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HomeLaw and ordercorruptionMultinational mobile phone firm stashes US$22m in tax haven from Malawi

Multinational mobile phone firm stashes US$22m in tax haven from Malawi

By Collins Mtika

Wherever you go in Malawi—whether it is in the cities, towns or the countryside—Airtel Malawi is part of the landscape, and just about everyone knows about it in this Southern African country of 18 million people.

In 2018, Milward Brown, a global leader in brand strategy consultancy, advertising development and brand equity research, passed Airtel as the ‘most popular brand’ in Malawi.

This is easy to understand; because wherever you go, the red and white corporate adverts of the service provider are so loud and imposing as Airtel Malawi boasts the largest footprint in Malawi.

But that could be as far as the glow and ring could be reaching.
The company’s 2018 audited financial results by Deloitte Chartered Accountants ( shows a complex web beneath Airtel’s much vaunted smartness.

Questions in Airtel’s books before IPO

In February 2020, Airtel Africa announced that the initial public offering (IPO) of its Malawian subsidiary raised around US$37.5 million.

The listing on the Malawi Stock Exchange enabled Airtel to comply with the Malawi Communications Act of 2016, which required the firm to have at least 20 percent local shareholding.

A few months prior to the much-hyped initial public offering (IPO) in 2019, Airtel Malawi’s accounts show ‘questionable’ transactions to its parent company in the Netherlands, Bharti Airtel Malawi Holdings BV; Kenya based Airtel Africa and also within the group with another company called Malawi Towers.

Malawi regulators forced Airtel Malawi to list on the local bourse
Airtel Malawi has two affiliates – Airtel Mobile Commerce Limited, which was incorporated on 11 June 2009 and Malawi Towers Limited which was incorporated on 15 Dec 2010. These companies are wholly owned by the holding Dutch company.

These transactions include: dividend payments, debt cancellation, related-party debt and payment of management fees to related parties in the Netherlands and Kenya.

Taxation treaties Malawi has signed with other countries over the last 50 years are costing the country billions of kwacha since they have opened up opportunities for multinational corporations to reduce their tax liability through tax avoidance.

Malawi could have lost out on US$22m profit

For instance, Airtel Malawi paid a dividend of US$22 million to its parent company registered in the Netherlands. This same amount is also reflected as dividend income from Airtel Malawi.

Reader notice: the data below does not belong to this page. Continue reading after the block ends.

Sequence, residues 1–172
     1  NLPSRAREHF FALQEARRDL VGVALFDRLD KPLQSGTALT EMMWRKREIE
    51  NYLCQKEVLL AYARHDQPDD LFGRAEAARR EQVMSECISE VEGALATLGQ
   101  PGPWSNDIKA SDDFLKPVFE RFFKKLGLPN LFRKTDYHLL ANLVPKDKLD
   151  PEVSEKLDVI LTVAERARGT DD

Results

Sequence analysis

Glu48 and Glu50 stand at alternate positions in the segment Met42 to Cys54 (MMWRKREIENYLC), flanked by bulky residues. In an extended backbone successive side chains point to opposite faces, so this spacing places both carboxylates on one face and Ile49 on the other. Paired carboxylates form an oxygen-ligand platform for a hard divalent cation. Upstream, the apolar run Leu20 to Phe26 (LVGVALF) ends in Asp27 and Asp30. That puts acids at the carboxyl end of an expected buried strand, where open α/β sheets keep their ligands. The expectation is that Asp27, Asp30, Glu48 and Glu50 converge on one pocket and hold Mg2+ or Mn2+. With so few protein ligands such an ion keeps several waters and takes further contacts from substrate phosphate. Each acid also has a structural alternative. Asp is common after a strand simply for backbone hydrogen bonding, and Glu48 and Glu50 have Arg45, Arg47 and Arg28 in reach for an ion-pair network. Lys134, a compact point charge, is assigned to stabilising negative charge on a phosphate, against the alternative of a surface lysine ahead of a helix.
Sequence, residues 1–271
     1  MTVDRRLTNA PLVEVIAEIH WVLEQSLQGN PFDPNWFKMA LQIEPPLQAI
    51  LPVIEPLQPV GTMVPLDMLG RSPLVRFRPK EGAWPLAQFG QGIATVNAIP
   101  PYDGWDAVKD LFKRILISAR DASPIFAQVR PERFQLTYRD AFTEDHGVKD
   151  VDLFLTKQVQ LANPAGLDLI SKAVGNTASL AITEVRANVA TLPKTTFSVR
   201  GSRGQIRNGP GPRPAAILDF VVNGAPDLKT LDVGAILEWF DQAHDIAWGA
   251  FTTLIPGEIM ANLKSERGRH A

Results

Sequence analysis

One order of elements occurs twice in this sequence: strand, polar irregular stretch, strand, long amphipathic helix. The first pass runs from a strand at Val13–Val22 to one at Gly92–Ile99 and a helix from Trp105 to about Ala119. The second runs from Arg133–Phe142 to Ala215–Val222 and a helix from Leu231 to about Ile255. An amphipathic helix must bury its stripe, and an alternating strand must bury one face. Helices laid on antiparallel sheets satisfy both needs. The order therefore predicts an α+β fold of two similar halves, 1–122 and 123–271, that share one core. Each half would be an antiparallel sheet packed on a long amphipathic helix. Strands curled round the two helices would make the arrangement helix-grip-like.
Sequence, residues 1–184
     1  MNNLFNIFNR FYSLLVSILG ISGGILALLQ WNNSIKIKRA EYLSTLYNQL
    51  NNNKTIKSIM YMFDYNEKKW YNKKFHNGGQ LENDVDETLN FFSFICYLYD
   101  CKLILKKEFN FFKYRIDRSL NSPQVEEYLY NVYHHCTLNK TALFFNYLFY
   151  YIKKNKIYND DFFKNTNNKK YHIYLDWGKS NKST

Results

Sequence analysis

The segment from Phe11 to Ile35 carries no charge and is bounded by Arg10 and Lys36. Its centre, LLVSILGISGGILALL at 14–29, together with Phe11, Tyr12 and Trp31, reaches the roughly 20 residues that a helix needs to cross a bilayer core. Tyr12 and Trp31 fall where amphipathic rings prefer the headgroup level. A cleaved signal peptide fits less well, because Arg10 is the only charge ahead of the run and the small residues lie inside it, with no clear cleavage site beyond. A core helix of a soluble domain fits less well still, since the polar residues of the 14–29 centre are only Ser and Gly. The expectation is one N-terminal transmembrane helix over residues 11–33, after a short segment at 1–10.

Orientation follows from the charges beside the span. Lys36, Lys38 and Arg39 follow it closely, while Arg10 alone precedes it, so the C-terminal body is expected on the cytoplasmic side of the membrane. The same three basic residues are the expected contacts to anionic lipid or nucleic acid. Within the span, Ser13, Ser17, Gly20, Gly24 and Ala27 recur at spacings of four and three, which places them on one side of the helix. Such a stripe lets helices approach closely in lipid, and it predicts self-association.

“These transactions happened in 2018 before the company was listed in 2019 thus outside of our jurisdiction at the time it was done. Among other things…our role is to ensure there is adequate information for an investor to make an informed decision when investing,” said Kelline Christabel Kanyangala, operations manager at the Malawi Stock Exchange.

Airtel Malawi public relations manager Norah Chavula Chirwa disputes any misconduct on the company’s finances, saying they did not declare any dividend in 2018; hence there was no declaration and payment of dividend prior to the IPO.

Airtel Malawi accounts show questionable transactions bordering on possible Tax evasion and Illicit financial flows.

The sale of Airtel Malawi’s Towers firm

In 2014 Airtel Malawi sold its telecoms towers to Malawi Towers.
Malawi Towers owed money to Airtel Malawi for these towers while Airtel Malawi owed money to Malawi Towers for the use of the towers.

In 2018, both these debts were written off. But because Malawi Towers’ debt to Airtel Malawi was much larger than the debt the other way round, the net effect is that Malawi Towers’ balance sheet was made much stronger while Airtel Malawi’s took a hit.

The accounts also show that Airtel Malawi made a net profit of US$26,000 and attributes this to “waiver of the loan”.

However, the company’s 2019 financial results show that the company made a “net foreign exchange gains of US$26,000” which is the same amount Airtel Malawi lost from the waiver.

Malawi regulators forced Airtel Malawi to list on the local bourse